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Bench Talk for Design Engineers

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Bench Talk for Design Engineers | The Official Blog of Mouser Electronics


New Tech Tuesdays: Perils of the Deep: Mission Critical Sensing Technology Solutions Rudy Ramos

New Tech Tuesdays

Join Rudy Ramos for a weekly look at all things interesting, new, and noteworthy for design engineers.

The ocean is a hostile environment for humans, so much so that some would consider it even more hostile than space. Like space, the deep ocean is extremely cold and completely dark; but unlike space's absence of pressure, the deep ocean has extreme pressure. Deep ocean explorers can only reach these depths using either a submarine or a submersible.

Submarines, like those from the US Navy, are ships that can navigate long distances underwater without having to surface. They can navigate the world’s oceans with precision and at speeds upwards of 25 knots (46km/h). Their highly engineered hulls are constructed of layers of steel, titanium, and other metal alloys, capable of withstanding the extreme pressure of the ocean’s depths. These submarines are also highly compartmentalized to help mitigate any potential hull breach.

Submarines are sleek, self-contained ships with mission-critical redundant safety systems, pinpoint accuracy navigation capabilities, and powerful propulsion systems capable of circumnavigating the globe without refueling. For the most part, a submarine’s crew can move about freely and carry on with normal life, close quarters notwithstanding.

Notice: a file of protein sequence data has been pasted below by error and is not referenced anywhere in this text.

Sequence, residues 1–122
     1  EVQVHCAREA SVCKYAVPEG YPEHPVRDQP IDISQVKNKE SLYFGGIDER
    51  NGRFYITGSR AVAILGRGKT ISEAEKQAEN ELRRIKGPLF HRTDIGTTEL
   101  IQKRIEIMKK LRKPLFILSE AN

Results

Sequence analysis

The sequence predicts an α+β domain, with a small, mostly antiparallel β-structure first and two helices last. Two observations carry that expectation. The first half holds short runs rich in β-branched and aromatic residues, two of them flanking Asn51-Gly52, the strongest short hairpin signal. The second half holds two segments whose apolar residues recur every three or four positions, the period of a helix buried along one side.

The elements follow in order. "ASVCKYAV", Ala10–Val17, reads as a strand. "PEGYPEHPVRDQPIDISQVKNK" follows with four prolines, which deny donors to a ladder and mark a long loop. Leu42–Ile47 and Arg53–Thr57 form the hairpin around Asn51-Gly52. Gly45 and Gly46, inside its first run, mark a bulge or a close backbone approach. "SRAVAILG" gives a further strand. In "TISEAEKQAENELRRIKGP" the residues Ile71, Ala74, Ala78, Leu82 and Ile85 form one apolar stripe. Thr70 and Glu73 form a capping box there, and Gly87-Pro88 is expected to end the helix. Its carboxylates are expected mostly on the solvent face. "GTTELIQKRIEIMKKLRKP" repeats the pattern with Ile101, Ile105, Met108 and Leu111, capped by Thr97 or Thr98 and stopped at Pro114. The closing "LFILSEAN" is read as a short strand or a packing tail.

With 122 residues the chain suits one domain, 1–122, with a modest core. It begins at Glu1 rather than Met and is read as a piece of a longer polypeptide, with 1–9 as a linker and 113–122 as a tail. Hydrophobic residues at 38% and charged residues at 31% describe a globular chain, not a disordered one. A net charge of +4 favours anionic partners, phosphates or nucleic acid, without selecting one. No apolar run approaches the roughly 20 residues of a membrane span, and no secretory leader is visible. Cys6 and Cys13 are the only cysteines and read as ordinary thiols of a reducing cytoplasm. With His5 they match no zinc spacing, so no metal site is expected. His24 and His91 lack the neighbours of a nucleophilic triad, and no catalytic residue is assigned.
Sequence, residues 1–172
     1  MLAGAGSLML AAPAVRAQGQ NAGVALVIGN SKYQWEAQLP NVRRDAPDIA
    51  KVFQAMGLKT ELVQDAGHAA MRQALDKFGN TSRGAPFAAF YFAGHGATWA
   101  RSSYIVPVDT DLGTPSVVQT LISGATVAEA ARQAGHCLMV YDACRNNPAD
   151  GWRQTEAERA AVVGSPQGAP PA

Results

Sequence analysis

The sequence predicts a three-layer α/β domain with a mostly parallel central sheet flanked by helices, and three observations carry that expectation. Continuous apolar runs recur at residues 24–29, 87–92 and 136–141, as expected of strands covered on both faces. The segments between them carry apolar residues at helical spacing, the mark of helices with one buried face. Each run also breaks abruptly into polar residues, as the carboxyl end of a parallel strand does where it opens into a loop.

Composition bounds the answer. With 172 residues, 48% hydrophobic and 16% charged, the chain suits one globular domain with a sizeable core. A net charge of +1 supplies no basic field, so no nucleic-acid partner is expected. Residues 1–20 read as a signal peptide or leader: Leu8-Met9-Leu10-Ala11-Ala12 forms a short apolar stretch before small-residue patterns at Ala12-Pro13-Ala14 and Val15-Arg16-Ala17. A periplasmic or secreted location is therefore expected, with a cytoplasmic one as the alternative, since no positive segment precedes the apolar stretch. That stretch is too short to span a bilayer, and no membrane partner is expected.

A submersible’s mission typically revolves around exploration or excursions and, like submarines, they can descend into the ocean’s depths. But that is about where the similarities end. Compared to submarines, submersibles are almost the complete opposite. In general, submersibles tend to be small and clunky and lack sleekness. Submersibles are usually only capable of carrying a limited crew of 1–3 individuals who serve as operators and researchers. Also, their hulls are generally engineered as a unibody structure, not necessarily made of steel, and typically feature port holes or large plexiglass globes as windows for the crew—something submarines lack. Additionally, submersibles have limited propulsion systems powered by batteries that propel the vessel at low speeds.

Because of their size, submersibles lack water-tight compartmentalization, meaning a hull breach can have disastrous consequences. A submersible’s dive missions are typically short—in the order of hours— and typically rely on a surface mother ship for support, so many of their onboard safety, navigation, and life support systems do not typically employ redundancy.

Extreme Water Pressure